Hypercalcaemia in cancerBMJ 2005; 331 doi: https://doi.org/10.1136/bmj.331.7522.954 (Published 20 October 2005) Cite this as: BMJ 2005;331:954
- Simon Conroy, clinical lecturer in geriatrics1 (firstname.lastname@example.org)1,
- Brendan O'Malley, consultant physician2
- 1Division of Rehabilitation and Ageing, Medical School, Queen's Medical Centre, Nottingham NG7 2UH
- 2Kettering General Hospital, Kettering NN16 8UZ
- Correspondence to: S Conroy
- Accepted 2 August 2005
The commonest cause of hypercalcaemia in hospitalised patients is malignancy, so the tendency is to presume that hypercalcaemia in a patient with cancer is related to malignancy. This may not be the case, however.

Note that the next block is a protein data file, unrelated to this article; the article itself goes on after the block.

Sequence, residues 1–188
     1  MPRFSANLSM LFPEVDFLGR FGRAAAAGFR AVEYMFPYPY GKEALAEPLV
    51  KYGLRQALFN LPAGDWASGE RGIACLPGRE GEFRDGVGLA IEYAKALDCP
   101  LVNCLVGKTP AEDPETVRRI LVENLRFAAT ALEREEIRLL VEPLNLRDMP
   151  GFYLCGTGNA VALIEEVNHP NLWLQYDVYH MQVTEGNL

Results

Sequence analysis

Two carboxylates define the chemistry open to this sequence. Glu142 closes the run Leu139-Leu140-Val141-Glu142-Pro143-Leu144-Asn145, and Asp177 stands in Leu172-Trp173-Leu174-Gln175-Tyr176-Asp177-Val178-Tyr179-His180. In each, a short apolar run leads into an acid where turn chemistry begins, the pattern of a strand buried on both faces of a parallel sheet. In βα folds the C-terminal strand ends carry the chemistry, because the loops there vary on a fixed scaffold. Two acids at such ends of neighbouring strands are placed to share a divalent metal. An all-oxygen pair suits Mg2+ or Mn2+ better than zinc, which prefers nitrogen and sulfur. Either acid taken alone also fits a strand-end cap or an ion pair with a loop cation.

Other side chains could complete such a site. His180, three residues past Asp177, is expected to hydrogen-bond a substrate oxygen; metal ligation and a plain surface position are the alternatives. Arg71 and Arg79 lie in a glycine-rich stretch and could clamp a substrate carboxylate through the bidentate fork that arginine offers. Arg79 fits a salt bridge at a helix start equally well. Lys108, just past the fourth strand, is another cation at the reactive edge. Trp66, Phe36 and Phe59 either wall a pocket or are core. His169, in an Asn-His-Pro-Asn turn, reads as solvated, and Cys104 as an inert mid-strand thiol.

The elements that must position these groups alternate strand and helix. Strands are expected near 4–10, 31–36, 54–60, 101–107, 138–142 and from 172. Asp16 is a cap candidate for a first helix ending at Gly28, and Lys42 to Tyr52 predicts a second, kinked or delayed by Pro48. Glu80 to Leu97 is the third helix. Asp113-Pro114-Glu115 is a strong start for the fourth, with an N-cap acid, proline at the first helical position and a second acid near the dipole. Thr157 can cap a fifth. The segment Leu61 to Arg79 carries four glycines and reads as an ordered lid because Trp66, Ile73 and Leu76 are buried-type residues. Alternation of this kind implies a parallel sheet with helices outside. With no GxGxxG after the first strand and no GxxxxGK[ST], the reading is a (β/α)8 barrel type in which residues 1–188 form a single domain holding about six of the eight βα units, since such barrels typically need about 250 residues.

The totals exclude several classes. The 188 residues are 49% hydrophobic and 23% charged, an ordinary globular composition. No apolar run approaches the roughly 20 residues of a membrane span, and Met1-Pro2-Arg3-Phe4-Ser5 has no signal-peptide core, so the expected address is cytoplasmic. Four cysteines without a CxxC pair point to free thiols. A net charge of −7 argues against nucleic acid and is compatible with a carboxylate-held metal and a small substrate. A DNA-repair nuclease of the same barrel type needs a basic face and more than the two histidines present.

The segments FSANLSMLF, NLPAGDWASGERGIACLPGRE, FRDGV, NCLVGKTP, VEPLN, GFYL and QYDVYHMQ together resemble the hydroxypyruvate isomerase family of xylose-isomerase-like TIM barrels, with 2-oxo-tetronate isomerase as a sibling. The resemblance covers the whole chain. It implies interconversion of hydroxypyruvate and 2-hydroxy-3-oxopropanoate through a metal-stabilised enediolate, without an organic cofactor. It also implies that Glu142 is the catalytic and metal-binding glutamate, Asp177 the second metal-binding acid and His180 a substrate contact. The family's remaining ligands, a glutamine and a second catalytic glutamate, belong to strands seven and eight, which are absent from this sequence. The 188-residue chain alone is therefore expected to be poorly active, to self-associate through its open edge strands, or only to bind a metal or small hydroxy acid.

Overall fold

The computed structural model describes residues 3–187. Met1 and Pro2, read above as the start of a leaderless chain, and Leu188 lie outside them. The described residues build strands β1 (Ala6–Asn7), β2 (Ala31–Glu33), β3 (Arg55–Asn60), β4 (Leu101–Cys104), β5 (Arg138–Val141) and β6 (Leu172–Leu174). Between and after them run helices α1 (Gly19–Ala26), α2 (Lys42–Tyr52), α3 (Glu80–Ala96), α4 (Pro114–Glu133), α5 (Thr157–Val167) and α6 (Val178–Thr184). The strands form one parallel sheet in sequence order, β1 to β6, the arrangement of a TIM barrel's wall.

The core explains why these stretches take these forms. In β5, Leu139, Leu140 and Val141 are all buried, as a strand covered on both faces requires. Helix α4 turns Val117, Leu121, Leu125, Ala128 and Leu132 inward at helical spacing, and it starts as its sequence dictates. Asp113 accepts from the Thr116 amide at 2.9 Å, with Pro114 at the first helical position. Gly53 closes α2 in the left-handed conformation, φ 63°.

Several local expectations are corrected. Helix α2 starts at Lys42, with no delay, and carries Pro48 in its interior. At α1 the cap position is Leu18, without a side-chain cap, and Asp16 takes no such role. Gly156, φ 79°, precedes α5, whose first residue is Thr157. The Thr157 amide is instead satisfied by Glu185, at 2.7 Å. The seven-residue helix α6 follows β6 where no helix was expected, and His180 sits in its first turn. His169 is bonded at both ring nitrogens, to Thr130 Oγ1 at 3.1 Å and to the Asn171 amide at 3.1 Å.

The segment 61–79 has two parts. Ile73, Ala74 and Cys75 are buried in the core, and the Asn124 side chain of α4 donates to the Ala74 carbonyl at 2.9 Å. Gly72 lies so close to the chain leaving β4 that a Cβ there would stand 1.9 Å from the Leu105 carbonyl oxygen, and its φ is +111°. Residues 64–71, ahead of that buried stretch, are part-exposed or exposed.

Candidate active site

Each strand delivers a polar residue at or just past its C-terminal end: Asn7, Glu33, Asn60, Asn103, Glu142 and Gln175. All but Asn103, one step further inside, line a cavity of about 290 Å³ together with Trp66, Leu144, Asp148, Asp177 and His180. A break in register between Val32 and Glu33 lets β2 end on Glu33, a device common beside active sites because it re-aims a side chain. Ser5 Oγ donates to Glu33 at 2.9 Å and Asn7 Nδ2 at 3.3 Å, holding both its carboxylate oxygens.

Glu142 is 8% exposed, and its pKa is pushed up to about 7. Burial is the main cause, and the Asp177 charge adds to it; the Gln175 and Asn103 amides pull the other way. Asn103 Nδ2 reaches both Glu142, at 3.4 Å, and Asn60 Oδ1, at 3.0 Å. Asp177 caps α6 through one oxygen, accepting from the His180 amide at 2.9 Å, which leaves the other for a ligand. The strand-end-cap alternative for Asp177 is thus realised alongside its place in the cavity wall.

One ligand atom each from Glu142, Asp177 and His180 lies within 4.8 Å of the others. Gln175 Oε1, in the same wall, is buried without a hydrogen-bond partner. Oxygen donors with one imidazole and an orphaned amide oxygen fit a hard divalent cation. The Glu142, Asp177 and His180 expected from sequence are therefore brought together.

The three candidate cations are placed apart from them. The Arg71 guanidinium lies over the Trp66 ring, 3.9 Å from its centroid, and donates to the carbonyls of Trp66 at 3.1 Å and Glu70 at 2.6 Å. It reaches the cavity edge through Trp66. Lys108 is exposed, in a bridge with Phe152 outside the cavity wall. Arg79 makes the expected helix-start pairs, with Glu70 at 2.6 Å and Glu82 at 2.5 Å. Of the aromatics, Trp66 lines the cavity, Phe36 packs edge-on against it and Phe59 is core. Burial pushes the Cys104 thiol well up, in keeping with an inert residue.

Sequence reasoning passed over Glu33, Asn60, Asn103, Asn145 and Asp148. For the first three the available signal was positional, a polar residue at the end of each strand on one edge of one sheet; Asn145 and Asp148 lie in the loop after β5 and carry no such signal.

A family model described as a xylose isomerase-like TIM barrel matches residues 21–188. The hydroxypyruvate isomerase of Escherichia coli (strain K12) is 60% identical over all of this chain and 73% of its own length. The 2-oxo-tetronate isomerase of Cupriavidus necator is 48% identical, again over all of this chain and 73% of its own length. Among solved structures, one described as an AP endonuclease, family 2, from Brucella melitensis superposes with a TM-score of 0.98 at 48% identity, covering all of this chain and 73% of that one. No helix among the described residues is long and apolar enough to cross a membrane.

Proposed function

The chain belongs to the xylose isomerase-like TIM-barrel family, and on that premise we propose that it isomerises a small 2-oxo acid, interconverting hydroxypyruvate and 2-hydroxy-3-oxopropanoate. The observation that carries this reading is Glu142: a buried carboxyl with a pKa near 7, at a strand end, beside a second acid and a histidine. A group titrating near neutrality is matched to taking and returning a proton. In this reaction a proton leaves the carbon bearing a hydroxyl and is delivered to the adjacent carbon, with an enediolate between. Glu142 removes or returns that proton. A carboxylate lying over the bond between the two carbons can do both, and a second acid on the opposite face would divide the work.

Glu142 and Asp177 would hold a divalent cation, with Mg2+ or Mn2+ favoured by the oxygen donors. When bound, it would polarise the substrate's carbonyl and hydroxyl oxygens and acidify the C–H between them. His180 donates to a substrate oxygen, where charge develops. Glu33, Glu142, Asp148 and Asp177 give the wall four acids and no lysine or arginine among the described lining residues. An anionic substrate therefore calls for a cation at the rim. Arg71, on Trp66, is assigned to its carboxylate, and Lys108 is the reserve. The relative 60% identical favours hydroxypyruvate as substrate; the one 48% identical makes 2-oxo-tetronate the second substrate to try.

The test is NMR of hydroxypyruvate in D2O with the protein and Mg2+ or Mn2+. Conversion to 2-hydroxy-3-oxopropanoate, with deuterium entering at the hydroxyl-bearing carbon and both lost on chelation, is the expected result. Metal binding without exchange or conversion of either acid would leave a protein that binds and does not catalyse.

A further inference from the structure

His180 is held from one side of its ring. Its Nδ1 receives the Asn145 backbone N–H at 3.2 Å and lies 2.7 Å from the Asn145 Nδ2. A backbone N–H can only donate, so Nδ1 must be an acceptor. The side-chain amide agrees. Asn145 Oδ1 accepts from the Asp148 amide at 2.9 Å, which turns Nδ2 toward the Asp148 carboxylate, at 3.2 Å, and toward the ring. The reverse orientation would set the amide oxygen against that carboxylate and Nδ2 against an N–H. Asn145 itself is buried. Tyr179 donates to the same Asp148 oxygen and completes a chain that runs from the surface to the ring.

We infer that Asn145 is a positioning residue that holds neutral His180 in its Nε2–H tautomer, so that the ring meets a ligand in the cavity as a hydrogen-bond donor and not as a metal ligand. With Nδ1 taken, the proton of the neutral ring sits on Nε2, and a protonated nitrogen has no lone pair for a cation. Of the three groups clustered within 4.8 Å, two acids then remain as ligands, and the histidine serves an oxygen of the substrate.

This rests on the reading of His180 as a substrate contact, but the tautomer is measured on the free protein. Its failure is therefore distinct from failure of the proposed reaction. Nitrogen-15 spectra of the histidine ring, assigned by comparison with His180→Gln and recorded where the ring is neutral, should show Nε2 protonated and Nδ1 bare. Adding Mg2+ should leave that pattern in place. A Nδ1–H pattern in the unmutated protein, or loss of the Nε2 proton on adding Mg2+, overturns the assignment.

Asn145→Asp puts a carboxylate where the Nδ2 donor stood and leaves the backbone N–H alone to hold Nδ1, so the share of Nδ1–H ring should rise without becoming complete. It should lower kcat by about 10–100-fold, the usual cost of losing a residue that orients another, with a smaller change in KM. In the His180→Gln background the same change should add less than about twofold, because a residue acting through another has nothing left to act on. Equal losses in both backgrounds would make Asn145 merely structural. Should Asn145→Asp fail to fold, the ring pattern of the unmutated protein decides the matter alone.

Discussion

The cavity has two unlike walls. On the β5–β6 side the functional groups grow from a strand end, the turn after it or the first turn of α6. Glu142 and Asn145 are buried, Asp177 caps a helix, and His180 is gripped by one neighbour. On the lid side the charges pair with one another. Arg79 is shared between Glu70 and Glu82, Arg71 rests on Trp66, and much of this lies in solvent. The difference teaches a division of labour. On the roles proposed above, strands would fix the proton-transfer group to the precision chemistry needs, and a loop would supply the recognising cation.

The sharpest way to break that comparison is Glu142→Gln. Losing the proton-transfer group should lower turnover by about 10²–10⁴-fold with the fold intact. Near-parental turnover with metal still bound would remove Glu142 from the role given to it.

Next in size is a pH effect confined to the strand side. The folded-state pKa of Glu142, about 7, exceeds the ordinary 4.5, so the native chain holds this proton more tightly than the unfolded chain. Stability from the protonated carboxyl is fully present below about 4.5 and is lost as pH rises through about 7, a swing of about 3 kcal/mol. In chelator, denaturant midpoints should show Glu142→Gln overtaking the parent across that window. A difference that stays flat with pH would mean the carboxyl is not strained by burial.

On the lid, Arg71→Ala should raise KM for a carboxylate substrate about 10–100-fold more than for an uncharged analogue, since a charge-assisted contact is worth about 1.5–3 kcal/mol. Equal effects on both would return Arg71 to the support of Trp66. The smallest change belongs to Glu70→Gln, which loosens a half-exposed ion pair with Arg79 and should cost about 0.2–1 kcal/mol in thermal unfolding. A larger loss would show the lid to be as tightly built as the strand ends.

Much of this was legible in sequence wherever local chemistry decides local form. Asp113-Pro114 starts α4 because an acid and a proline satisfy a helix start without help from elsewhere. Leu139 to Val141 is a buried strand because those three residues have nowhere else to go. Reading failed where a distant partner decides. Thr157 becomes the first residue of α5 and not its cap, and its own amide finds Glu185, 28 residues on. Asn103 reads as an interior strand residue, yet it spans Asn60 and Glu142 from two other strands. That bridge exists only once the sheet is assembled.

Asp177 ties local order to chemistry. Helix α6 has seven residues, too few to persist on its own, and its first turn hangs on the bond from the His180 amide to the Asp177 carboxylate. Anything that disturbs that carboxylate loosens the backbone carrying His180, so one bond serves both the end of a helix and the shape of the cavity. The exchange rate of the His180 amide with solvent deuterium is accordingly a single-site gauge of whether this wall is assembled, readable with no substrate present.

A 50 year old woman underwent a wide local excision and axillary node clearance for breast cancer in July 1999. She received postoperative chemo-radiotherapy and made a good recovery. A year later she presented with fatigue and distal paraesthesia. Her adjusted serum calcium concentration was 2.69 mmol/l (normal range 2.2-2.6). She was investigated for metastatic breast cancer, including a bone scan, and was advised that her cancer had recurred. Four months later, she remained anxious but well; her serum calcium was 2.71 mmol/l, and a paired serum parathyroid hormone concentration of 10.9 pmol/l (normal range 1.1-7.5) confirmed primary hyperparathyroidism. After careful follow-up, a left lower pole parathyroid adenoma was removed. The patient's …
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